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Thread: How long does the trip take

  1. #1
    Junior Member
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    How long does the trip take

    question:
    A river has a steday speed of 0.345 m/s. A studen swims upstream a distance of 0.543 km and returns (Still swimming)to the starting point.
    If the studen can swim at a speed of 1.12m/s in still water, how long does the trip take. Answer in units of s.

    Any suggestions on this one. I can't find an example in my book to help me out.
    Stacey Rhone

  2. #2
    Elite Member
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    Re: How long does the trip take

    Hint:
    swims upstream at speed 1.12 - .345 (against current)
    swims coming back at speed 1.12 + .345
    I'm just an imagination of your figment !

  3. #3
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    I'm still having trouble figuring out how to solve this.
    Stacey Rhone

  4. #4
    Elite Member
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    Re: How long does the trip take

    Hello, Stacey!

    This problem doesn't require any Algebra,
    . . but you have to do some Thinking.

    Since they're talking about distance, speed, and time,
    . . it is reasonable that we need: [tex]\,\text{Distance}\:=\:\text{Speed }\times\text{ Time}[/tex]

    Since they ask for the Time ("How long does the trip take?")
    . . we'll use this variation: [tex]\:\text{Time}\;=\;\frac{\text{Distance}}{\text{Spe ed}}[/tex]
    Still with me?


    A river has a steady speed of 0.345 m/s.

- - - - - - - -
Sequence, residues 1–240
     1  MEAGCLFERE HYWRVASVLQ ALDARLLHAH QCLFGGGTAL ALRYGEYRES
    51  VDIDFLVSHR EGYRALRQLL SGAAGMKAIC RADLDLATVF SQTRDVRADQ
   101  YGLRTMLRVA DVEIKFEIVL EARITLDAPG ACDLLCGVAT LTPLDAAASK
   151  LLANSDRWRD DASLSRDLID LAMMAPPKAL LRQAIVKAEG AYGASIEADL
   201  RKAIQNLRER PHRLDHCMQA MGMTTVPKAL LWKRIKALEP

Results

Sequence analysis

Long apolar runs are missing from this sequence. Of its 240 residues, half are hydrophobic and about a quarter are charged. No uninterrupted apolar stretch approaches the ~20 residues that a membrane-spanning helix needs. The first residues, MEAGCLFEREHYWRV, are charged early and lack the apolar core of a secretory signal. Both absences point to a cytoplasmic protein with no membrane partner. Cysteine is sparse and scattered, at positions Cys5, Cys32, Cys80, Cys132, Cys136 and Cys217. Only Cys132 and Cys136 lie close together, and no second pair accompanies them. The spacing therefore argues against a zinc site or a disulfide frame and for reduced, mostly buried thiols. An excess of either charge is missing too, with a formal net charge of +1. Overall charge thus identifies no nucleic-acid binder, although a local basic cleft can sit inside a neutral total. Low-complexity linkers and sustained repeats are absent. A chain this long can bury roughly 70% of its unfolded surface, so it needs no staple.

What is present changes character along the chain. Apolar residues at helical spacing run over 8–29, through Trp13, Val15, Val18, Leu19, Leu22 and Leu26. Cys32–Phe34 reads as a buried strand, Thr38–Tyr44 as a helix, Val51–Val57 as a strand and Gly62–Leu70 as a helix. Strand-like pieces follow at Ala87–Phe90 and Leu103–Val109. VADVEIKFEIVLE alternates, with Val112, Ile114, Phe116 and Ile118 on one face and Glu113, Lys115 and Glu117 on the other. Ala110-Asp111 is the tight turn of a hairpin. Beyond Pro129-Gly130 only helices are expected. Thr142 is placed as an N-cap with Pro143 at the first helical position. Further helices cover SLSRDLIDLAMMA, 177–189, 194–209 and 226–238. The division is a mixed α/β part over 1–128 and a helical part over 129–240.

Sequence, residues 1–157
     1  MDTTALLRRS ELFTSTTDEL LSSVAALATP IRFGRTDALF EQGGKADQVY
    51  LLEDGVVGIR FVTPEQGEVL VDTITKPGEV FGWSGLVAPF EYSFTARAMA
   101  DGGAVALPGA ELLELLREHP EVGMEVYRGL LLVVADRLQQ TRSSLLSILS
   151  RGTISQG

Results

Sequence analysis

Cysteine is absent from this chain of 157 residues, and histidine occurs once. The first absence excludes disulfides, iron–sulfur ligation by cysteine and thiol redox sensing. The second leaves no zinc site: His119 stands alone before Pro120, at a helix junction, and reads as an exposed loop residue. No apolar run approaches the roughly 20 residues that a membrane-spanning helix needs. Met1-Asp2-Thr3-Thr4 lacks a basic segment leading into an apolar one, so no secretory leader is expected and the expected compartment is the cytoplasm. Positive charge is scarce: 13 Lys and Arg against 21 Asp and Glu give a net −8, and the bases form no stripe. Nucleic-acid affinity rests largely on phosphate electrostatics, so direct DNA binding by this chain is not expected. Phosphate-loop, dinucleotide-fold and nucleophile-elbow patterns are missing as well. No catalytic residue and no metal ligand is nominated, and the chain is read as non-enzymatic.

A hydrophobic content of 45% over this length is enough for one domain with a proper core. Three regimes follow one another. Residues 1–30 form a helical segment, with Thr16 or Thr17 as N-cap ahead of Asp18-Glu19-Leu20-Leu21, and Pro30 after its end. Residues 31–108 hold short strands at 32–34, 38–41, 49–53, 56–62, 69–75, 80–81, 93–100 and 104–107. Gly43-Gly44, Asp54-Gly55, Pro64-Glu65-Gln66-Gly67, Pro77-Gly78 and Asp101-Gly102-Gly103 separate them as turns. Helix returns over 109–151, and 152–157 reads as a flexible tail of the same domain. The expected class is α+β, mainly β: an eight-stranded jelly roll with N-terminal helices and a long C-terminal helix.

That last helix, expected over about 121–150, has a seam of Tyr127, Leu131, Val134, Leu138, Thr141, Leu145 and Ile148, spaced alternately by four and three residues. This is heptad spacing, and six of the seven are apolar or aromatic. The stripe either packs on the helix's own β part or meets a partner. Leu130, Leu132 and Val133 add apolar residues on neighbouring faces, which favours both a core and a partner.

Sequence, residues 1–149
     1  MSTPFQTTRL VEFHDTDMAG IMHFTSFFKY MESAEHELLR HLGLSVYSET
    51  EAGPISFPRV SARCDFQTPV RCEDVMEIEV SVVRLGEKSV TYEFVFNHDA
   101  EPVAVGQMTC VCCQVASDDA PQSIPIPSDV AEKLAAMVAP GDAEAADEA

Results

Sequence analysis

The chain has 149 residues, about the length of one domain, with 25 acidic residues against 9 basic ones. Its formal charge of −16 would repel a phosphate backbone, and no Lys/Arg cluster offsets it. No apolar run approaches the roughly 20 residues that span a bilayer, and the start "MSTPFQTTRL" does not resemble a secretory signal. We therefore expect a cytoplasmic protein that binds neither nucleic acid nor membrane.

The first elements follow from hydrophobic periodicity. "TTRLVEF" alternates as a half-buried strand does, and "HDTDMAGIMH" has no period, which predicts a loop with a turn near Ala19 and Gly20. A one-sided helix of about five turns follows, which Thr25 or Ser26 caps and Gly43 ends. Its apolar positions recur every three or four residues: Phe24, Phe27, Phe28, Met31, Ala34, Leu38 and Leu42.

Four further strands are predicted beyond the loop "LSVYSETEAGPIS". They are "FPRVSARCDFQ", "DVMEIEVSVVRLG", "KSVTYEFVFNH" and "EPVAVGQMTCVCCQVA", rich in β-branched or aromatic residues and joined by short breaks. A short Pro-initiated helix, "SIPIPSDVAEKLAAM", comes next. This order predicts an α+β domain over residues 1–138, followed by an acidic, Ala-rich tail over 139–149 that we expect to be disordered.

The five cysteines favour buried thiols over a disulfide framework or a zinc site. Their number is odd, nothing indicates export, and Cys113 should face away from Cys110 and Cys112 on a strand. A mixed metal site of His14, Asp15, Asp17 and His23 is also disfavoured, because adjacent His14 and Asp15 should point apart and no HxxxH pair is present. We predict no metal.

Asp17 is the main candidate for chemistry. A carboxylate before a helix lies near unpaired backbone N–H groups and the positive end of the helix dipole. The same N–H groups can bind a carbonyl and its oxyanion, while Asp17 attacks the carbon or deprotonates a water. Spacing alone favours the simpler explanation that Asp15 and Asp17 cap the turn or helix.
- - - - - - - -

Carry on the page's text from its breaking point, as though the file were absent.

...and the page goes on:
A student swims upstream a distance of 0.543 km and returns to the starting point.
    If the student can swim at a speed of 1.12m/s in still water,
    how long does the trip take? .Answer in units of seconds.

    The student swims at 1.12 m/s in still water.

    Swimming against the current, his speed is: [tex]1.12\,-\,0.345\:=\:0.775[/tex] m/s.
    . . To swim 0.543 km = 543 m, it will take: [tex]\frac{543}{0.775}\:\approx\:700.645[/tex] seconds.

    Swimming with the current, his speed is: [tex]1.12\,+\,0.345\:=\:1.465[/tex] m/s.
    . . To swim 543 m, it will take: [tex]\,\frac{543}{1.465} \:\approx\:370.648[/tex] seconds.


    Therefore, the entire trip takes: [tex]\,700.645\,+\,370.648\:=\:1071.293\:\approx\:1071. 3[/tex] seconds.


    ~ ~ ~ ~ ~ ~ ~ ~ ~ ~ ~ ~ ~ ~ ~ ~ ~ ~ ~ ~ ~ ~ ~ ~ ~ ~ ~ ~ ~ ~ ~

    And stop looking in the book for an identical problem.
    . . What kind of learning is that?

    "If I give you a map, can you find your way to City Hall?"
    "Sure, but ... um ... could you drive me there first?"

    I'm the other of the two guys who "do" homework.

  5. #5
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    I agree with you 100% here. I'm just finding that with physics there are so many rules and laws and formulas that i'm getting all mixed up on what applies to what and when to use what. Am I ever going to understand this! I've always been bad at word problems to make matters worse. I really appreciate your help.
    Stacey Rhone

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